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June 14, 2009 10 Comments
[Note: this is #3 in a series of tips to be published during 2009.]
Spoke wind up, twisting from end to end as the nipple is turned, is a serious menace to wheel building; blurring truing corrections and damaging a spoke at its weak points. Everyone deserves to understand the reasons why and how to stop it.
Why do spokes twist?
The main reason is friction between nipple and spoke. You turn the nipple but does it advance on the threads or twist the spoke? With aluminum nipples, the friction coefficient is high (compared to brass, the traditional nipple material). Even with lubrication, the spoke still wants to twist.
Light spokes compound the problem. The torsional rigidity of a spoke varies with the 4th power of its diameter. That means small diameter changes make for huge differences in resistance to twisting. For example, a thin butted spoke may have a diameter of 1.5 mm. This is close to half the cross sectional area of a 14 ga spoke (1.77 vs. 3.14 sq mm). The thinner spoke will be 3X more torsionally flexible.
Under good conditions, spoke windup is not an obstacle because thread friction is normally quite low, only 2-4 in-lbs. Not enough torque to twist a spoke. However, lack of lube, corrosion, and aluminum nipples can create substantial thread friction.
Twisted spokes mess up a build. For example, if when you make a 1/4 turn adjustment (typical in high spec wheel building), the spoke twists 1/8 turn so the nipple only turns on the threads 1/8, you're 50% off. When centering a wheel (dishing), if some spokes are twisting, the outcome makes the wheel worse. It might require a 20 minute truing session to correct the damage. This one variable contributes heavily to the difficulty and time of building, ruining the ambitions of many beginners.
Twist also damages spoke material. The most vulnerable points are the stress risers created by threads and shape (butting and blading). If a spoke twists, the greatest damage will be done at the first thread and the transitions between larger and smaller diameter. Thin spokes are at risk of "necking" which is a plastic deformation when the metal stresses are near yield. A stretched spoke is much smaller diameter and doomed to fail.
Lastly, a spoke that is wound up will eventually unwind and a tell tale clicking, pinging noise may be heard. As these spoke are temporarily loosened during riding, they will untwist. Too often, this activity makes a straight wheel crooked. Unable (or unwilling) to control this twisting, some builders have devised schemes to release the windup before riding. Leaning on the wheel or, even, walking on it can permit the twisted spokes to become untwisted. But these procedures add time and often induce secondary damage that requires more truing.
First, avoid dangerous situations, in so far as possible; examples: excess tension, aluminum nipples, and building dry. On the subject of tension, bear in mind that bicycle spokes were designed before super high tensions were possible. Rims of the past, wood in particular, could not support high tension. Today's rims, aluminum and composite, are stiffer and high tension is standard. That doesn't change the fact that 100 kgf is probably the highest tension that spokes are meant to support. If you build with higher, and I regularly see 120-150 kgf, the spokes will be at their limit. If you do the stress calculations for the thread root on a spoke at 150 kgf you'll see the problem. IMHO, tensions greater than 100 kgf do not generally improve wheel performance.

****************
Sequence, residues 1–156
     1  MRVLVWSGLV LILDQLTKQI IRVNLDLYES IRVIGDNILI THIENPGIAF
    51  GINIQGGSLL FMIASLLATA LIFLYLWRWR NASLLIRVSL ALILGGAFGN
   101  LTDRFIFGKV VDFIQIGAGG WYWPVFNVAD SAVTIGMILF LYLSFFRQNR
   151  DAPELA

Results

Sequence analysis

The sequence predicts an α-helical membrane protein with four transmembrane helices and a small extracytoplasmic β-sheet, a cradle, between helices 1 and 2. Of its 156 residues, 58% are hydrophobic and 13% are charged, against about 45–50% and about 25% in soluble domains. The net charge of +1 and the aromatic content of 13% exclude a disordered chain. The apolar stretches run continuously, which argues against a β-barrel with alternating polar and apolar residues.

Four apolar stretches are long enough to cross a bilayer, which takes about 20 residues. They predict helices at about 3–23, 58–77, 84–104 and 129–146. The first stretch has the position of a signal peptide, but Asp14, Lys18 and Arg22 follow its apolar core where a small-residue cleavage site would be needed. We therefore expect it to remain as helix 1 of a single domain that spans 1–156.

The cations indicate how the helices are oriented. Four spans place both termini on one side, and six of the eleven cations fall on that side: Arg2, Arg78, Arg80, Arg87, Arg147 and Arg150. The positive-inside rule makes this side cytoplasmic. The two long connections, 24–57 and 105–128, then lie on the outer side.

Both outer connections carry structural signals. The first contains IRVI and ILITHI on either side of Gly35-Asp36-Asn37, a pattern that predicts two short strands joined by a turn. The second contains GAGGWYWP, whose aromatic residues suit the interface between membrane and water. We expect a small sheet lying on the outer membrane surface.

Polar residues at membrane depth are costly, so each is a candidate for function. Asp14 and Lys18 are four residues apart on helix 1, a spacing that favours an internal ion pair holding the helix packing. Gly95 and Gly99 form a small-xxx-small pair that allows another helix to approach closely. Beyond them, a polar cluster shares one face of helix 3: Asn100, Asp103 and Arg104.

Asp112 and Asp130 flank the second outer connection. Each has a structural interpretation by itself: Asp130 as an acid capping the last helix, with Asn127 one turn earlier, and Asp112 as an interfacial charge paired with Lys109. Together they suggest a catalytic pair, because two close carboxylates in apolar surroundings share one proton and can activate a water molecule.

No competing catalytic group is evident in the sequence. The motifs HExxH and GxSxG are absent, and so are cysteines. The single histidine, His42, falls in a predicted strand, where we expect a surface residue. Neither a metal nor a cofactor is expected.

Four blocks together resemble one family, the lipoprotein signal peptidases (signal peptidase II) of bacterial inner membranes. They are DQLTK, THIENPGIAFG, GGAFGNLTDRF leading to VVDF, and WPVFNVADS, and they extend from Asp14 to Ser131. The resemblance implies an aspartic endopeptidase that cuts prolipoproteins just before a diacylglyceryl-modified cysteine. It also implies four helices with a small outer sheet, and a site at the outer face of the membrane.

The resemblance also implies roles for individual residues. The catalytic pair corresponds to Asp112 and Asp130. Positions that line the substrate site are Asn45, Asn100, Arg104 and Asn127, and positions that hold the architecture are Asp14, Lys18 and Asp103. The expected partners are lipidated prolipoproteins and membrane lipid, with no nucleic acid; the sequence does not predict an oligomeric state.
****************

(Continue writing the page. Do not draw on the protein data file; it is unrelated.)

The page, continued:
Second, fight friction and corrosion with thread compounds such as SpokePrep or equivalent. A good lubricant (even light oil is a huge improvement) reduces both friction and corrosion. Use any oil that is not messy and you don't mind smelling. Olive oil is fine except it might attract ants if you park in the woods. In the past, many builders used linseed oil because it later hardens into a gummy glue which helps fight vibration induced loosening. However, the wheel is not fully rideable until the oil is dry, and that might be an unacceptable (several day) period if the weather is cold.
Third, hold spokes still when they try to twist. A smooth jaw plier or a brake wire pulling tool are common solutions. Make sure your toolbox has one or both.
Fourth, when turning a nipple, hold its spoke gently with your left hand (if you're right handed). This way, you can feel a spoke twisting and compensate so your adjustment is accurate. When the adjustment is finished, return the spoke to its untwisted state. On bladed spokes, windup is easy to see; but not with round spokes. But it's easy to feel with your second hand.
Fifth finish every adjustment with an automatic slight turn in the reverse direction. With experience, you'll be able to feel twist through the nipple. For example, if you just finished a 1/4 turn tightening adjustment, give the nipple a slight (1/16 or so) reverse rotation at the finish. If that reverse movement is very easy, you can be sure it's powered by a wound up spoke. Once the twist is relieved, the nipple will quickly become harder to turn, your cue to stop. Safe crackers are not the only ones with sensitive fingers. Wheel builders can and need to develop the same detection skills.
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